If you’ve been visiting the site lately, you’ll have seen Simon’s fantastic ongoing series about his development of a text adventure for 8-bit computers (you can read all of it HERE!). I myself have developed and released a game already (you can read the review of the engine I used here), but I’m also in the process of making an RPG based on my award-winning horror short film. I decided to follow in Simon’s footsteps and chronicle the development of the game here.
Part A – Choosing the genre.
The first thing you’ll need to do is to choose the genre you’ll want to develop. This will depend on the kind of experience you’ll want to provide to the player, and the target audience to which that player belongs. I chose to develop an RPG because, as a follow-up to a short film, my game was inherently plot-driven. My audience will be genre-nerds like myself. The short film was a bit similar, as it was a found-footage horror short (how niche can you get?), and so, a retro-inspired RPG makes the most sense.
Why retro-inspired? Because of the technical side of things, on the one hand: top-down, turn-based RPGs are within the realms of what I can realistically achieve on my own, while open-world 3D RPGs are more suited to a larger development team.
I’m also a huge fan of the genre, with gems like “The Legend of Zelda: A Link to the Past” firmly in my top favorite games of all time.
Which brings me to the next piece of the puzzle.
Part B – Choosing the engine.
The engine you choose to develop on will have a huge impact on what you make and who is able to play it. Here’s why I chose RPG Maker MV.
- It’s easy to learn, and I was already familiar with the programming logic for it, having owned RPG Maker VX Ace for a while.
- There’s plenty of plugins made for RPG Maker MV that expand on the functionality of the core engine. I’ve already added many plugins to my project to include multi-language support, modding of the main menu, etc.
- DLC is very affordable and includes fantastic character sprites and tiles. This is great as I’m by no means a graphic artist and hiring someone to do custom art would have been prohibitively expensive
Having said that, there are some downsides to developing this way:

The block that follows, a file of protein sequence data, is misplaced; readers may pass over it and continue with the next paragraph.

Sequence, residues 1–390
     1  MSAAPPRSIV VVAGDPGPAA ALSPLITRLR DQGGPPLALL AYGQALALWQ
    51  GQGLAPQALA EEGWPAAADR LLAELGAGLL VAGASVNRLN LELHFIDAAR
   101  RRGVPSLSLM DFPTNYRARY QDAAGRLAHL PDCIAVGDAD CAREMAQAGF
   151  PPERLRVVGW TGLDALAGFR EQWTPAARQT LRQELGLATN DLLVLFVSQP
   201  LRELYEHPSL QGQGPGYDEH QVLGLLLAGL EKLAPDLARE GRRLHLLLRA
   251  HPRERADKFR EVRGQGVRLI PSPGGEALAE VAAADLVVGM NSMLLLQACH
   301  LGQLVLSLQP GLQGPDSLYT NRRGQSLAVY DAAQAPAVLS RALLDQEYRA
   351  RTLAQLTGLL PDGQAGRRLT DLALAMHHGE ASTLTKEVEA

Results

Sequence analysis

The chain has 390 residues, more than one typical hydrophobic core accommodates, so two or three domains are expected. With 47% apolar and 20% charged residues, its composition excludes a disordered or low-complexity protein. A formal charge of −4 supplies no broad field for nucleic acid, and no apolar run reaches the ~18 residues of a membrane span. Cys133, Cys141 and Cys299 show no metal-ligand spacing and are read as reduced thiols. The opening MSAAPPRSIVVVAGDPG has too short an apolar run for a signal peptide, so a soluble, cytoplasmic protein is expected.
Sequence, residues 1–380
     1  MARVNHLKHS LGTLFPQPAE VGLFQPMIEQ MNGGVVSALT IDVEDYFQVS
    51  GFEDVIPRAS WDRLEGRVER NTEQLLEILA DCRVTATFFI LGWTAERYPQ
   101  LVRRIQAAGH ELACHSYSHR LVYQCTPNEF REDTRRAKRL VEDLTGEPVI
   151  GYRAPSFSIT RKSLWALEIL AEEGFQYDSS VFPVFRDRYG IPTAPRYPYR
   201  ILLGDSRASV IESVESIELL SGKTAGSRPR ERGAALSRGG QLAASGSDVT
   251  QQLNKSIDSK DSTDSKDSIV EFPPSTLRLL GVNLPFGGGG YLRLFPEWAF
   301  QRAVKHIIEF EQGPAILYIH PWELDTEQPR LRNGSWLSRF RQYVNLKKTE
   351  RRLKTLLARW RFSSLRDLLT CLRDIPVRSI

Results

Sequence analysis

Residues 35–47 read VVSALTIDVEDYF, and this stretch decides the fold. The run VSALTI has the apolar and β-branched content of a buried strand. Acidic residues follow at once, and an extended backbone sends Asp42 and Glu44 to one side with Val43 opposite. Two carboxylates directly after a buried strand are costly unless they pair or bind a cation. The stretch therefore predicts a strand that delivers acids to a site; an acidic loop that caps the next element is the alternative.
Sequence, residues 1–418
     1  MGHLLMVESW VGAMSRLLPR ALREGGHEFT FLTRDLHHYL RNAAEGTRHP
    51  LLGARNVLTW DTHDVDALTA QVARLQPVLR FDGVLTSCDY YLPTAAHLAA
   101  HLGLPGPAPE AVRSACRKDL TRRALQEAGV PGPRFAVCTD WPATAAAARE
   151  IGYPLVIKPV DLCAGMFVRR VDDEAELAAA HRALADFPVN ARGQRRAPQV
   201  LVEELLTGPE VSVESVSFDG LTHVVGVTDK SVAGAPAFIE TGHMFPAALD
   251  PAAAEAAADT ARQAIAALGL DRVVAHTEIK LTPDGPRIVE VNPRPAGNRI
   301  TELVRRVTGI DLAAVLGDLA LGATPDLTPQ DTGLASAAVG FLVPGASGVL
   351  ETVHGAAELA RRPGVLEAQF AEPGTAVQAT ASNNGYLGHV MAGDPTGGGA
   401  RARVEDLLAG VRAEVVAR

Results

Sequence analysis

- There’s no support for the engine on PS4, PS Vita or Nintendo Switch.
- Buying pre-made assets means I’ll have to work extra hard to make my game stand out. Thankfully, although many people buy these sprite sheets and tile sets, very few actually publish a finished game. So it’s not as crowded as it may seem at first.
- In contrast to Construct 2, which has one of the most amazing user community I’ve ever seen, the RPG Maker community is notoriously elitist, and I’ve had very little luck getting other users to help me solve my issues.
Part C – The Outline
Once you choose the type of game you’ll make, who you’re making it for, and what you’re making it with, it’s time to get to the meat of the game.
I usually start with a plot outline so that I know the logic that runs from beginning to end of the game. It includes characters, key plot points, key locations, etc. This will then allow me to build a skeleton version of the game that I can then populate.
This last part didn’t come to me until recently, though, and I was spending far too much time developing each level to completion before advancing. This is counter-productive, I’ve found, as game development is an iterative process, and things will inevitably change.
I’ve scrapped most of my levels and I started again yesterday with just the main room (my character hub) and started building a skeleton version of the game with only key locations, characters and plot points. It will allow me, I think, to move much faster with the development of the game.
I’ll leave it here for now, as what follows is actual development already, and I want to save that for part 2 of the diary. I have to say that I found it crucial to let the idea mature for a bit (6 months passed since I started the game until I had the final plot for it), and this is something that I encounter again and again. My short film was in the script stage for almost a year before we shot main photography for it.
You need to let the idea mature, let yourself have these Eureka moments while the whole thing steeps and simmers in your mind. Otherwise you’ll end up with a rushed product that could have been, like many other things in life, much better with age.
I’ll leave you with this brief timelapse of yesterday’s development session.